top of page
  • Writer's pictureLawrence Lore

What's for Dinner?

 Archaeologists researching the Riverton Culture (2000-1000 BC) in Lawrence County have discovered that often the answer was Mussels. They have learned this from the shell middens, or heaps of shells, found in early settlements along the banks of the Embarrass and the Wabash rivers. Some of these middens were as much as 6 ft high, or 6 ft below ground, as the case may be, to the archaeologists who have excavated them.

 

What were these mussels that were favored by the early people as an entrée? Were they much different from today’s mussels? According to the archaeologists, there was some reduction in the number of North American species of non-marine mollusks during the Pleistocene Period (Taylor, 1965) but all of the genera and most of the species of that early period are still in existence today. At the same time, there is very little evidence for the evolution of new non-marine mollusks during this time. Thus, non- marine mollusks have tended to remain much more stable than mammalian species which have had a consistently higher extinction rate such as woolly mammoths, mastodons, giant ground sloths etc.

 

The species present in the shell middens of the Riverton Culture were also present at the time the early Europeans arrived in North America, and indicate a river environment consisting of a coarse sand and/or gravel, swift current and a normal depth of two to five feet. However, many species have disappeared since 1900, as a result of contemporary pollution and silting of the once clear Wabash River. Species such as Anodonta Grandis, Leptodea Fragilis, and L. laevissima that were common in the Wabash in 1969, indicate a river environment associated with mud bottoms and quiet or slow -moving water.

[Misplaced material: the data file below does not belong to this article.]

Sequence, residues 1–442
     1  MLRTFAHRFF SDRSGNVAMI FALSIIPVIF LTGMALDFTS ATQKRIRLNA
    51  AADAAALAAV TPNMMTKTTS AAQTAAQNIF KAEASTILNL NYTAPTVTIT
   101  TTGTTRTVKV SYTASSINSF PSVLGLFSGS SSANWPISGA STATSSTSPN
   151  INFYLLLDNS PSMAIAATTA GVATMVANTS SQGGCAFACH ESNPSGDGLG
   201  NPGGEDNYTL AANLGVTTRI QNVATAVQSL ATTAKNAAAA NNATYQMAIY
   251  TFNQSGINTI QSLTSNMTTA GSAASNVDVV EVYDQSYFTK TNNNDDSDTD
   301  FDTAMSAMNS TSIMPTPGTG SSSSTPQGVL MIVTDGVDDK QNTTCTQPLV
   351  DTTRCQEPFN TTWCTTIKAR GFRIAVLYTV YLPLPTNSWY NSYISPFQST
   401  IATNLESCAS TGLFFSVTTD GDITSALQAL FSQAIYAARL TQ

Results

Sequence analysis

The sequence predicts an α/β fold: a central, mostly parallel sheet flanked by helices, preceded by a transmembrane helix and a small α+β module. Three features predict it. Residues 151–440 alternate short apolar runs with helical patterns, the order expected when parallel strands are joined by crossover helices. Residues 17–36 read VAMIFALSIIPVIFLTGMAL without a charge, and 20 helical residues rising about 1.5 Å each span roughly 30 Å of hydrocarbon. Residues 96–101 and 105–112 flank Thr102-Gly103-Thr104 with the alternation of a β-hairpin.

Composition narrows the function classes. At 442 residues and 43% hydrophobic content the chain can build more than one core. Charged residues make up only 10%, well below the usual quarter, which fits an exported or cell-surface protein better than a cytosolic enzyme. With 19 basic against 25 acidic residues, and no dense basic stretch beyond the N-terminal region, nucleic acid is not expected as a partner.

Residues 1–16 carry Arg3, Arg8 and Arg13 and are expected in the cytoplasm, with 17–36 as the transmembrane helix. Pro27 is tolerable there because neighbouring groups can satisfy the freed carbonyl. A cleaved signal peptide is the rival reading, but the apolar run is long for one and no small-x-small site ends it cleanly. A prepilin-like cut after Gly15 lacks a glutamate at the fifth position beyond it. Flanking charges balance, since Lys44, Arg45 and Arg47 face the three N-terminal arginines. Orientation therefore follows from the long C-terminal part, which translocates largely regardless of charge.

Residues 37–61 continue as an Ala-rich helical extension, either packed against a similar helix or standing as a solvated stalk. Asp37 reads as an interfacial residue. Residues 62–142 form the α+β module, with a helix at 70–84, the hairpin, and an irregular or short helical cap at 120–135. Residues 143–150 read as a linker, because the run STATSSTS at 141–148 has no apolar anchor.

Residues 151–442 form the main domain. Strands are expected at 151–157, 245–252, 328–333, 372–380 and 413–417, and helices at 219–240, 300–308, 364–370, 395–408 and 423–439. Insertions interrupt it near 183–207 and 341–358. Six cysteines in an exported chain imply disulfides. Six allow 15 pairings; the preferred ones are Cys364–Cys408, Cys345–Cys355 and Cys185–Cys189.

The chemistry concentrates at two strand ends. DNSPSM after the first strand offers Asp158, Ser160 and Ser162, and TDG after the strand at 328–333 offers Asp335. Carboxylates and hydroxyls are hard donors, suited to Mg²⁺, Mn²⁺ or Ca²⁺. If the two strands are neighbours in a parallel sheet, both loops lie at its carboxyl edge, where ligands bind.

Oh and by the way, the Wabash river moved. According to the archaeologists, following the glacial retreat, the Wabash River channel was near the west side of the eight- mile wide, glacial flood plain, or west of Roberson Hills, in the eastern part of Lawrence County. (In other words, the river was on the other side of Robeson Hills from where it is now and closer to Lawrenceville.)

 

Then the river moved again and became a channel barely west of Robeson Hills that carried the melting water from the glacier southward. Apparently not satisfied there, the Wabash River moved to where it is now, occupying a channel close to the east side of Roberson Hills.

 

Two to four miles in width and about ten miles in length, the ancient slough that remained on the west side of the Hills was given the name Purgatory Swamp until nineteenth and twentieth century drainage systems appeared in the area.

128 views0 comments

Recent Posts

See All

Crossing the Wabash

Did you ever think about the obstacle the Wabash River posed to the early settlers going west? When Esau Johnson’s family purchased land on Allison Prairie in 1811, they were living in Lawrenceburg,

Samuel Kinkaid

Taken from 'The History of Edwards, Lawrence and Wabash Counties, Illinois' first published in 1883, page 301: "Samuel Kincaid was a native of New Jersey, to which his father and mother came at an ear

Comentarios


bottom of page